Saying of the Desert Christians: Abba Isidore 3


Abba Isidore of Pelusia) said, 'Prize virtues and do not be the slave of glory; for the former are immortal, while the latter soon fades.'

Some thoughts

What the abba says here is self-evident. We already know this. But oh my, how many are the temptations to be a slave of glory, even in tiny ways like getting all the attention in a small group or standing in line at the Post Office.

Thursday, September 10, 2009

Rule of St Benedict Reading for September 10, 2009

January 10, May 11, September 10

Chapter 2: What Kind of Person the Abbess Ought to Be

Let the Abbess always bear in mind
that at the dread Judgment of God
there will be an examination of these two matters:
her teaching and the obedience of her disciples.
And let the Abbess be sure
that any lack of profit
the master of the house may find in the sheep
will be laid to the blame of the shepherd.
On the other hand,
if the shepherd has bestowed all her pastoral diligence
on a restless, unruly flock
and tried every remedy for their unhealthy behavior,
then she will be acquitted at the Lord's Judgment
and may say to the Lord with the Prophet:
"I have not concealed Your justice within my heart;
Your truth and Your salvation I have declared" (Ps. 39[40]:11).
"But they have despised and rejected me" (Is. 1:2; Ezech. 20:27).
And then finally let death itself, irresistible,
punish those disobedient sheep under her charge.

Some thoughts;

In dealing with the monks, Benedict suggests that the abbot adopt himself to circumstances and characters. A monastery will thrive if it is ruled by a reasonable abbot. Monastic history is full of examples of what did or did not happen under administration of abbots.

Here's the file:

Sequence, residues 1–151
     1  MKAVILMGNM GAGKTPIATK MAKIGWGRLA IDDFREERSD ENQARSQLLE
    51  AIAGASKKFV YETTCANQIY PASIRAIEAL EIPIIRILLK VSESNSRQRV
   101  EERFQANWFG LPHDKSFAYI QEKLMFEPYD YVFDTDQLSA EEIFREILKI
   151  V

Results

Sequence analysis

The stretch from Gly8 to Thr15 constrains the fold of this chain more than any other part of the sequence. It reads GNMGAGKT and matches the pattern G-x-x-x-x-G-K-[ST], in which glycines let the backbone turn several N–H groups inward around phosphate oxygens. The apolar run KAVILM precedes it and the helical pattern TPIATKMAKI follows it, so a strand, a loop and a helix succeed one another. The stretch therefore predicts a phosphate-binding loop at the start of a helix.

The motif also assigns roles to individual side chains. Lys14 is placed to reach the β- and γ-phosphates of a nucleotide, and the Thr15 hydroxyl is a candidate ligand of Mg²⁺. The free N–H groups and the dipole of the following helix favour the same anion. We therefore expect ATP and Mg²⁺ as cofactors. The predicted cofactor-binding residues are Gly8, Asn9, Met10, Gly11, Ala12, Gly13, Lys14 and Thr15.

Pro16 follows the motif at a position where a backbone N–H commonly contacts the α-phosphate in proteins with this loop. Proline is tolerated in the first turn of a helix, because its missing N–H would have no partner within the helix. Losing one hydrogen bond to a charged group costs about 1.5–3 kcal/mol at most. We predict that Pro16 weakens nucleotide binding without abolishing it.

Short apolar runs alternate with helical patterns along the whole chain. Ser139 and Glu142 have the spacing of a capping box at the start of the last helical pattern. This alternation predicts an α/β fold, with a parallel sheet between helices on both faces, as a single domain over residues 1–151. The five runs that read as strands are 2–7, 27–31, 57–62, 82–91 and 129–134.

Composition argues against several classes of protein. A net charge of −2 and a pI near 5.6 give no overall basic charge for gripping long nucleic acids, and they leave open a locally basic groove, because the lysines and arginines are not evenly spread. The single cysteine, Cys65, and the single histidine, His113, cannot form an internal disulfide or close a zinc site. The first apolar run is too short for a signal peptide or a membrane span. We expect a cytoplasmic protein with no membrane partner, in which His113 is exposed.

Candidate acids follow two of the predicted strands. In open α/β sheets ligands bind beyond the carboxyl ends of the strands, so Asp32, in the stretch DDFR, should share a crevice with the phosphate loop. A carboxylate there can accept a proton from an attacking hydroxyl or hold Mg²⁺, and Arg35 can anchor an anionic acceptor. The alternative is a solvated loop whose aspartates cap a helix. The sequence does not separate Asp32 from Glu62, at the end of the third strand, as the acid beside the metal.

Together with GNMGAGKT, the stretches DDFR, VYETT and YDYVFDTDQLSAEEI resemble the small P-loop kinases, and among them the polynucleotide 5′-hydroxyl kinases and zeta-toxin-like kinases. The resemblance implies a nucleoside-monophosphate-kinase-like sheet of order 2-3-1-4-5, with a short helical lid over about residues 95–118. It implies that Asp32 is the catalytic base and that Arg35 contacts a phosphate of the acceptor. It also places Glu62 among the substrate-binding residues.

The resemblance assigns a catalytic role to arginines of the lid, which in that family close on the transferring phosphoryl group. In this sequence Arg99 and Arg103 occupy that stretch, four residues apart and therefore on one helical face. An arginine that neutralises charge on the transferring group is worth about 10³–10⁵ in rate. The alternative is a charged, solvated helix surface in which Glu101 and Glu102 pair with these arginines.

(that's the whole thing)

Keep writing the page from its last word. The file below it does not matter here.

I confess, I don't care for the physical punishment of recalcitrant monks. I have to keep reminding myself that up until very very recently physical punishment did take place. And there are parts of the world where it is still being used.

The role of father is only 1 of several that Benedict expects the abbot to fill. The abbot is also judge, master, servant, shepherd, steward, teach and physician. In all these functions the abbot is encouraged to be Christ-like.

The abbot will be judged not only by what he has taught but by how well the monks respond to his teaching. He will have to give an accounting on judgement day. Fortunately for the abbot, Benedict assures him of an acquittal if it has been proved that the monks paid no attention to him. Sometimes parents blame themselves for the way their children turn out. Benedict says don't do that. If you have really tried, you can't be blamed.

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Saying of the Desert Christians: Abba Isidore 2


Abba Isidore went one day to see Abba Theophilus in Alexandria and when he returned to Scetis the brethren asked him, 'What is going on in the city?' But he said to them, 'Truly, brothers, I did not see the face of anyone there, except that of the archbishop.' Hearing this they were very anxious and said to him, 'Has there been a disaster there, then, Abba?' He said 'Not at all, but the thought of looking at anyone did not get the better of me' At these words they were filled with admiration, and strengthened in their intention of guarding the eyes from all distraction.